The Basics: First Impressions and Consistent Professionalism

The old adage is tired but true, it isn’t what you know but who you know. For young creatives and artists, starting to build the framework for a strong professional artist network can feel overwhelming. Getting out to trade shows, gallery openings, and job fairs and making strong first impressions is just the first step of a long process, but essential to one’s success.

And those first impressions are more important than many young creatives may realize. Psychologists refer to the phenomenon as ‘thin-slicing’, with numerous studies theorizing that the average person makes a snap judgment of someone after only observing them for just a few seconds.

“We begin by teaching people how to give off the right first impressions: A proper handshake and the importance of confident interactions, like being able to look somebody in the eye and introduce yourself to them,” begins Winkle. A study performed at the University of Iowa backs up Winkle’s assertion. Non-verbal cues like a firm handshake, eye contact during discussion and smiling play critical roles in the outcome of job interviews.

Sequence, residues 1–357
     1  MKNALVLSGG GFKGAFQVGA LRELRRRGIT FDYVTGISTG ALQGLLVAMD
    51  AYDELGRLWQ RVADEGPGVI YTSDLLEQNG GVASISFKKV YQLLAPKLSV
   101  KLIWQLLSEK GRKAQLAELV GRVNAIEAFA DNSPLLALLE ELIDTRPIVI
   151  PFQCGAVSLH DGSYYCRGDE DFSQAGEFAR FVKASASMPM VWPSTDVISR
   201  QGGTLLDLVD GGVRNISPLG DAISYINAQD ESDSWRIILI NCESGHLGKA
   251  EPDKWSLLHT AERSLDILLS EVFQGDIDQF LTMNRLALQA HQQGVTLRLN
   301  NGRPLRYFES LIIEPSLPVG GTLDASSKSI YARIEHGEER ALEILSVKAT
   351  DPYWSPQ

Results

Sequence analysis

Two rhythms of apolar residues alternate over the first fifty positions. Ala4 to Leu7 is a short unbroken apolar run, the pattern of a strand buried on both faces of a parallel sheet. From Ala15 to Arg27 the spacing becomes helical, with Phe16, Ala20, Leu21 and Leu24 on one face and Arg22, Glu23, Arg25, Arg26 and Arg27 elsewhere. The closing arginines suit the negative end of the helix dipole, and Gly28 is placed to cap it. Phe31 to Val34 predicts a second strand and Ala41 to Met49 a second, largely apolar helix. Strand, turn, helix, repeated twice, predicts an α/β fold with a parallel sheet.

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After making the initial introductions, the hard task is keeping people engaged within your artist network. And it isn’t just the content of your messaging but the way it is delivered. Much like a good firm handshake, email etiquette is equally important. Winkle strongly encourages her students to adopt professional correspondence habits, asserting that “you never write an email, ‘Hey’ and go straight into the email like you are speaking with a friend. Always address people by their formal name, and begin and conclude with a proper salutation.”

brand identity
Make sure that you have a clear and consistent brand aesthetic across all media channels.

Do the Homework: Building a Brand Identity Straight Out the Gate

But let’s backtrack a little, before throwing yourself out into the world and beginning to build your professional artist network, it is important to understand how your content and brand identity is being received. What are you communicating? How do you communicate across platforms? Does the messaging move fluidly? Is it clear to potential clients and employers what you are capable of producing?